Gun sales soar in Colorado in wake of cinema killings
Citizens rush to arm themselves as public paranoia sparks incidents in other states
Stephen Foley is a former Associate Business Editor of The Independent, based in New York. He left in August 2012. In a decade at the paper, he covered personal finance, the UK stock market and the pharmaceuticals industry, and had also been the Business section's share tipster. Between arriving with three suitcases in Manhattan in January 2006 and his departure, he witnessed and reported on a great economic boom turning spectacularly to bust. In March 2009, he was named Business and Finance Journalist of the Year at the British Press Awards.
Wednesday 25 July 2012
Gun sales have surged in Colorado in the days since the state became the scene of the worst mass shooting in the US.
Local authorities reported a huge spike in the numbers of gun stores running background checks on potential customers, and shooting ranges are now booked up for weeks.
The figures suggest that many locals have responded to the rampage that killed 12 people at a showing of The Dark Knight Rises in Denver suburb of Aurora in the early hours of Friday morning not with a new campaign to ban semi-automatic weapons and handguns, but with a determination to arm themselves in self-defence.
At Rocky Mountain Guns and Ammo, there was a queue of more than 15 people outside the store when it opened that Friday morning, and sales have been brisk ever since.
"It's been insane," store employee Jake Meyers told the local newspaper in Denver. "A lot of it is people saying, 'I didn't think I needed a gun, but now I do'. When it happens in your backyard, people start reassessing – 'Hey, I go to the movies.'"
According to the Colorado Bureau of Investigation, it approved background checks for 2,887 people who wanted to purchase a firearm between Friday and Sunday, a 43 per cent increase on the previous weekend. It ran 1,216 checks on Friday alone.
While some liberal politicians have demanded tighter restrictions to make it harder for the likes of shooting suspect James Eagan Holmes to build an arsenal of weapons, President Barack Obama sidetracked the issue of putting gun control at the forefront of the political agenda in his remarks in Aurora.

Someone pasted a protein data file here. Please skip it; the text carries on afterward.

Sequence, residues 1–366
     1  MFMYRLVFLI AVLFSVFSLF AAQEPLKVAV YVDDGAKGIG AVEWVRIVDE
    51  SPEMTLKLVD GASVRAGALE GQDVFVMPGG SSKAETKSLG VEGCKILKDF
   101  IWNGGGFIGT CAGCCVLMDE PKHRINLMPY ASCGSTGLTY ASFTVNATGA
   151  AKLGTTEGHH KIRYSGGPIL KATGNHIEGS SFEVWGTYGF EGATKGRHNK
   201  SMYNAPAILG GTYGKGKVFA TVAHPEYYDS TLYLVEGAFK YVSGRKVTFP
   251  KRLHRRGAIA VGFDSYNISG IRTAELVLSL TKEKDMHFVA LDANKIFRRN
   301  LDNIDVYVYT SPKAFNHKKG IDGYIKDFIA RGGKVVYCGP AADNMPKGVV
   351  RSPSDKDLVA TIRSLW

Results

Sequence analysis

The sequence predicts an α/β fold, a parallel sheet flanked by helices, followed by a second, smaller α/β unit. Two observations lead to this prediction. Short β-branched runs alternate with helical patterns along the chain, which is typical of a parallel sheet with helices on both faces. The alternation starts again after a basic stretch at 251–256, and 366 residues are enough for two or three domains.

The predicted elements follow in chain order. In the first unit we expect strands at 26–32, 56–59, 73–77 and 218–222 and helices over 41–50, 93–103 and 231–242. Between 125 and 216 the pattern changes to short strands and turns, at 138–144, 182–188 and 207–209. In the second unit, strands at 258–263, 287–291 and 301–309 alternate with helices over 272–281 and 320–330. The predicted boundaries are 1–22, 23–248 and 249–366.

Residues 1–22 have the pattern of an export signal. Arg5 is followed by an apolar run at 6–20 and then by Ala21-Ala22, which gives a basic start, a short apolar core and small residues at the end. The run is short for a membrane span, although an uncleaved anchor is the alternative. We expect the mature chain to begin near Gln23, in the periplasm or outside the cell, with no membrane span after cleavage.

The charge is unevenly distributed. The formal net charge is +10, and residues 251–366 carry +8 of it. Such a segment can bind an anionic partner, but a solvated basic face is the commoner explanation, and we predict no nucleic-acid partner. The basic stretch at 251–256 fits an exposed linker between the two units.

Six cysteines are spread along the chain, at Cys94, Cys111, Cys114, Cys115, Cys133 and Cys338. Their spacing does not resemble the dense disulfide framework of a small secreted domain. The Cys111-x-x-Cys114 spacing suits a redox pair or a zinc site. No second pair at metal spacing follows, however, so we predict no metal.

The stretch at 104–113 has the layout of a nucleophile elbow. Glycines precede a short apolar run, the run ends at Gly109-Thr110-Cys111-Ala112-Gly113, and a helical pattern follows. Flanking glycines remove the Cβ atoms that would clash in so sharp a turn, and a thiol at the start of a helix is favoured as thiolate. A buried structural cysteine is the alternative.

Public support for new gun laws has fallen and the lobbying power of the National Rifle Association has grown in recent years, despite a string of mass killings.
One Colorado Congressman, Ed Perlmutter, who has pushed for tighter restrictions in the wake of last week's incident, received invective on his Facebook page from gun lobby supporters.
One post read: "If ONE person inside that theater was armed, this situation would NOT have been as bad as it is. Stricter gun control means NOTHING to the criminal."
Police in Maine yesterday unveiled details of a huge cache of weapons found in the home of one resident who told them he was on his way to shoot a former employer a day after watching The Dark Knight Rises.
Timothy Courtois had been stopped for speeding when a police search of his car found an AK-47 assault weapon, four handguns, ammunition and news clippings about the killings in Aurora.
Separately, movie-goers in Sierra Visa, Arizona, panicked when a man who appeared intoxicated was confronted by security guards during a showing of the movie. The Cochise County Sheriff's office said it caused "mass hysteria" and about 50 people fled the cinema.
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